It is as easy as a couple clicks to ruin a person’s reputation–or try to. While the vile creatures who spread false rumors and invective about Sarah Palin are now outed and exposed for frauds, Andrew Sullivan continues on his merry way after being as salacious and evil as his online equivalent Perez Hilton. Cruel language can be devastatingly effective as both of these rumor mongers have proven.
Finally, the internet world connects directly to the real world. It is the real world. The notion that there is a separation is an illusion. People assume that those online are somehow more trustworthy–or, that they’re so far away that even if they are kinda bad, they’re harmless. That is not true. Consider this:
U.K. insurance company, Legal & General, took a survey of 2,092 users of social networking Web sites. Almost four out of ten (38 percent) of those who use social media at places like Twitter or Facebook post their vacation plans. Potential burglars could find this information valuable in seeking targets of crime.
The report titled “The Digital Criminal,” said that criminals could obtain vital, personal information from online users of social media.
It is nigh to impossible to hide my own activities. Someone in my family inevitably gives it away. You’re in Michigan?! Where? Or, in the case of my Australia trip, my family didn’t have to write, tweet, Facebook or say anything. I live-tweeted the whole trip. Still, I try to not give away my activities–exact location. I try to have a house sitter. Those sorts of things to mitigate against the dangers.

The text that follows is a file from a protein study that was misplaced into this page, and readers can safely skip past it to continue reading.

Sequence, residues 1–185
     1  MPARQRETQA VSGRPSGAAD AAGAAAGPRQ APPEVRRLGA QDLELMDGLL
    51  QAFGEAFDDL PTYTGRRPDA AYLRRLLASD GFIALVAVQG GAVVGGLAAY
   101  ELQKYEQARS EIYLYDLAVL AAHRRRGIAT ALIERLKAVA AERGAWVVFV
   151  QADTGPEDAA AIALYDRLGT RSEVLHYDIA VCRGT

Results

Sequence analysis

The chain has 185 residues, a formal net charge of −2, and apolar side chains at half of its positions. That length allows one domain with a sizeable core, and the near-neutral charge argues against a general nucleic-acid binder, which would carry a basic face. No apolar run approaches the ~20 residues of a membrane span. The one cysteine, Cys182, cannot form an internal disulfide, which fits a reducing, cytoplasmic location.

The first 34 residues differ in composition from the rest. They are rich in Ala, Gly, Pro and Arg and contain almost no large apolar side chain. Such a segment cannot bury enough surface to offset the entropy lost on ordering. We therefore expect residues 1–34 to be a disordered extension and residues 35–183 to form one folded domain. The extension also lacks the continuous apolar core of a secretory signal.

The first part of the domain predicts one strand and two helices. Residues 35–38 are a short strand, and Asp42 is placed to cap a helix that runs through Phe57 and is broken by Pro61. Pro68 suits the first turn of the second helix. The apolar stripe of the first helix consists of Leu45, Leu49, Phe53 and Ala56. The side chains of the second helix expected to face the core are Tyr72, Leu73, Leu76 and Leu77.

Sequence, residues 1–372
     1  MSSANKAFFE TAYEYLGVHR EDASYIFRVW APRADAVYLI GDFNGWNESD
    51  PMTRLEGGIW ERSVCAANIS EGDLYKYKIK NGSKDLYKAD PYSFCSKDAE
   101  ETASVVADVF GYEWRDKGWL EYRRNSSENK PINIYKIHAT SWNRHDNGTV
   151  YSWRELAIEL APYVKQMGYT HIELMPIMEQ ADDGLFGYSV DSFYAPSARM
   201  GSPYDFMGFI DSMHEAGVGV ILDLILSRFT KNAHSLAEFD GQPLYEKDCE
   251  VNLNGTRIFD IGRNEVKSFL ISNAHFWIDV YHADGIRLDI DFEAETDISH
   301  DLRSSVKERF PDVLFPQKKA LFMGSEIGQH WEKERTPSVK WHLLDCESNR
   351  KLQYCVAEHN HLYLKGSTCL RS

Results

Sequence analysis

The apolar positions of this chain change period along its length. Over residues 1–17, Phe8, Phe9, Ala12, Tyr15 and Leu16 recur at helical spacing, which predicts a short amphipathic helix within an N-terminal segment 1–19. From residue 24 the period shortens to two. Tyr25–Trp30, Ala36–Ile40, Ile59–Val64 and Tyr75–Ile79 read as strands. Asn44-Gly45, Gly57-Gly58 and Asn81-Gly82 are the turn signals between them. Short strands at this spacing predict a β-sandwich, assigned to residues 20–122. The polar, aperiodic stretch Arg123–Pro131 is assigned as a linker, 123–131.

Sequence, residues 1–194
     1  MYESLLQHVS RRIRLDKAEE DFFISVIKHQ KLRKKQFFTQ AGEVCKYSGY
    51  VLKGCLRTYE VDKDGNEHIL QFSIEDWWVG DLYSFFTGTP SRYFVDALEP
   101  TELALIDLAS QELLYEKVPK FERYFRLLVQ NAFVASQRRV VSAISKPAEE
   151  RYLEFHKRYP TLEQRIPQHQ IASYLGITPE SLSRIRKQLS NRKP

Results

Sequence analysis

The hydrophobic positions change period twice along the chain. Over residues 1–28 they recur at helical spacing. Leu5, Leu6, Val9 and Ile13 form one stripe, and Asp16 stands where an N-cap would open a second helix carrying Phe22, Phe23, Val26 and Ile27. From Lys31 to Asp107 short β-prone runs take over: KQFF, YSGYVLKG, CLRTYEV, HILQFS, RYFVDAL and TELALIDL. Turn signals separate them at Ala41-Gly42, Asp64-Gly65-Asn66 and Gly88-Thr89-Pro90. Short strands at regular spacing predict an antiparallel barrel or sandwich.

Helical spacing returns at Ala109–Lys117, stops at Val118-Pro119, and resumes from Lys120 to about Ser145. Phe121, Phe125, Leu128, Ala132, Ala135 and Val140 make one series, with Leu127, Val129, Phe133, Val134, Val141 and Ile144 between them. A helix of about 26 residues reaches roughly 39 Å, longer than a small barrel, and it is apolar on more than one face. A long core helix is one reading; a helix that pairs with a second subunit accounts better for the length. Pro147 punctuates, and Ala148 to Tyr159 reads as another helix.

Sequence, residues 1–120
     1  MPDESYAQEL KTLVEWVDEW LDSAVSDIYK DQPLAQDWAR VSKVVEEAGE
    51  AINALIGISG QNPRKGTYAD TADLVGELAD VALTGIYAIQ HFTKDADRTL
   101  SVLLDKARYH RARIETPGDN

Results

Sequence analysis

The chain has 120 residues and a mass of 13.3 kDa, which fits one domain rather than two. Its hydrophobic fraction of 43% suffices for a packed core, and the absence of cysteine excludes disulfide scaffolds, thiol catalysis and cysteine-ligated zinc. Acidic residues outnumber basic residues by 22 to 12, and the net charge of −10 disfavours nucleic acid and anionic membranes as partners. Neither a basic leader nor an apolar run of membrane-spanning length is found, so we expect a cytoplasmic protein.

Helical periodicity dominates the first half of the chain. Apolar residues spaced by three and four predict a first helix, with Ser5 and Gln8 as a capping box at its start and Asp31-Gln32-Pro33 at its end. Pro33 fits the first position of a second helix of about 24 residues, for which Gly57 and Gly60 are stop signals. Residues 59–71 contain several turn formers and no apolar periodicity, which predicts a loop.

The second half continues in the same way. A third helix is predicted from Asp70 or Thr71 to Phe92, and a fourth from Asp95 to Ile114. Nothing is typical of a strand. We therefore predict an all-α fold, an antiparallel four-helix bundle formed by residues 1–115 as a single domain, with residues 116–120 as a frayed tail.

The internet should be interacted with rationally. It isn’t a magical place. There are people on the ends of the intertubes. They can be bad, good and as mixed as a real life person can be. They are real live people. Even anonymously. Even remotely.
Many of you still don’t see the point of Twitter. This is why I Twitter: Imagine you could gather 200 of the smartest people in a room and they had access to areas of expertise you had no time or hope of gathering. Those people would sift through information and bring up the best stuff for you to know so you don’t have to do the grunt work. You don’t even have to use Google.
Twitter is like a human search engine. It’s opt in, which means you’re only hassled as much as you want to be and by whom you want to be hassled. Instead of computer metrics, you choose the brains who sift the information. And even more than that, you can become friends with the people sharing that information. It’s not just an information exchange, though it can be just that, it’s a social exchange of people pre-selected for interests that sync with yours.
Twitter: It’s time to do it. Here’s how:
Twitter (Released July 2009):
Mashable (Released Aug 2009):
DAG (Released Sept 2008, Revised + Expanded June 2009):
Start with DAG, first. That’s David All and he’s a conservative consultant in D.C.